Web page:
How to Paint Aluminum Gutters
How to Paint Aluminum Gutters TIPS
- Aluminum is easy to paint
- Use Stain Solver to clean gutters
- Use special clear bonding primer
- Certain spray paints are great
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DEAR TIM: Many years ago, I had white aluminum gutters and down spouts installed on my home. They're in great shape except for the faded paint finish.
I want to change the color scheme of my home. Can I paint the aluminum surfaces and if so, what is the best way? I'm thinking of pressure washing the entire exterior surface of my home before painting. Is this a good idea? Leslie M., Linden, NJ
DEAR LESLIE: I've got good news and bad news. Let's start with the good news first.
The aluminum gutters can be painted and quite easily at that. It's not hard to do, but if you make a mistake, the next time it rains they'll look like a blistered hot dog sweltering on a grill at a Fourth-of-July picnic.
Metal Loves Paint
Much to the surprise of many people, metal surfaces actually are very compatible with paint. Just look around you at all of the painted automobiles, appliances, and commercial steel buildings and metal roofs.
Aluminum is especially paint-friendly as you've witnessed on your own home. Since it doesn't rust, blistering or peeling of factory-applied paint finishes on aluminum is very rare.
Clean & Primer
The key to repainting aluminum gutters and down spouts is making sure they're clean and that you use the right primer if you use a common paint that contains ammonia.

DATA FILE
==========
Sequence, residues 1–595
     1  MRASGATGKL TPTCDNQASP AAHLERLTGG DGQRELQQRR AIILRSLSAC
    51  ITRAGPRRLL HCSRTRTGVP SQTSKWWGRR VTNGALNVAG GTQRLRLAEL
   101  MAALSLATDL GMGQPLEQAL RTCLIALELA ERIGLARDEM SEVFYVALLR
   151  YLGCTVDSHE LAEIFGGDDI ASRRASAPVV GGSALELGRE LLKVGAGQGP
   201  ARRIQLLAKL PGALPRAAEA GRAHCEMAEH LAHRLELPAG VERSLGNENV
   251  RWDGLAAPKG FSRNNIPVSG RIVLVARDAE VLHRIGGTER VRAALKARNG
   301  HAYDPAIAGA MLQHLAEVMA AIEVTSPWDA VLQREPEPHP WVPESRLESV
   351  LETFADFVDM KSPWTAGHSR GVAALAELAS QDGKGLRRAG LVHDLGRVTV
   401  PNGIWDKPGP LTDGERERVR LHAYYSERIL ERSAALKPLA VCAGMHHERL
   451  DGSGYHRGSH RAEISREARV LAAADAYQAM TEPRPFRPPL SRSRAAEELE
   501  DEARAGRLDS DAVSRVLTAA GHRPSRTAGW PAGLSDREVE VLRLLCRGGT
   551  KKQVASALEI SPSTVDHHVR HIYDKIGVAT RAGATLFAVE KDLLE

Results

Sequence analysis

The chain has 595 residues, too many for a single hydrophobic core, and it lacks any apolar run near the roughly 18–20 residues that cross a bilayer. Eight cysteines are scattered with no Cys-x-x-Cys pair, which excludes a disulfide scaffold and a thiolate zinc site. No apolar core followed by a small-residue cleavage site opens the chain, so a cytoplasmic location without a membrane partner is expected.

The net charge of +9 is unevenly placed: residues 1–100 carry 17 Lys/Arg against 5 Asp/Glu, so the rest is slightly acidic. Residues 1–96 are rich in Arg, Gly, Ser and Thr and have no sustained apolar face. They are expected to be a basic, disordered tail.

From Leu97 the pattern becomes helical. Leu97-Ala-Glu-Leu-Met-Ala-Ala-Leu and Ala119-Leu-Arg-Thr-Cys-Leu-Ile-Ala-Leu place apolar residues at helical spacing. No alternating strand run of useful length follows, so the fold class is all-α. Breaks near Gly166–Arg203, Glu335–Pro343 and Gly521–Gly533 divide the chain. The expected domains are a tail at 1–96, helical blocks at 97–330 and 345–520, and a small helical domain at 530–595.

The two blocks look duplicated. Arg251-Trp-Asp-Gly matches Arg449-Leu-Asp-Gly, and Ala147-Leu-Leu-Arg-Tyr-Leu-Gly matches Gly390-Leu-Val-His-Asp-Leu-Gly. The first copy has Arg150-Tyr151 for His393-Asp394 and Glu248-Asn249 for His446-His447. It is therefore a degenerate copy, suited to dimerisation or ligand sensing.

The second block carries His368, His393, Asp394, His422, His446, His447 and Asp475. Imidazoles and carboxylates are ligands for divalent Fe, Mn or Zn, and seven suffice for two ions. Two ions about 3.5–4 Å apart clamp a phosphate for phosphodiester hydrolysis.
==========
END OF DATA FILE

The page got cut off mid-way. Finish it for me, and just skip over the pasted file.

Forget Pressure Washing
Pressure washing the gutters and downspouts and the rest of your exterior surfaces is simply not the best way to get them ready to paint. This method doesn't get rid of all the dirt.
Proof is available in two forms. When you shower each day, I'd venture to say that you don't just rotate in circles in the shower allowing a vigorous stream of water to do all the work. Even if soapy water came out of the shower head and you let that water hit your skin, you'd not be completely clean.
You most likely rub your skin using your hands with soap and water and then rinse with the water stream. The mechanical movement of your hands on your skin is what gets you clean. The soap helps lift oils and dirt from your skin as well to get you even cleaner.
Do you want more proof? Take your car to a self-clean car wash equipped with a pressure washing wand. Clean your car allowing the tip of the pressure washer to get as close to your car as you feel comfortable.
After leaving the car wash, pull out into the parking lot and allow your car air dry. Take your fingers and wipe them across the paint. I guarantee you that you'll remove a thin layer of dirt that was left behind by the pressure washer.
I'd use Stain Solver certified organic oxygen bleach to wash the gutters, downspouts and entire house to get it clean
Stain Solver is a pure powder you mix with warm tap water. Stir until dissolved and put the solution in a garden hand-pump sprayer.
Stain Solver is Made in the USA with USA ingredients.
Spray the surfaces you want to clean and allow the oxygen-bleach solution to bubble and fizz. Work in the shade or early morning if you can. You don't want the solution to evaporate.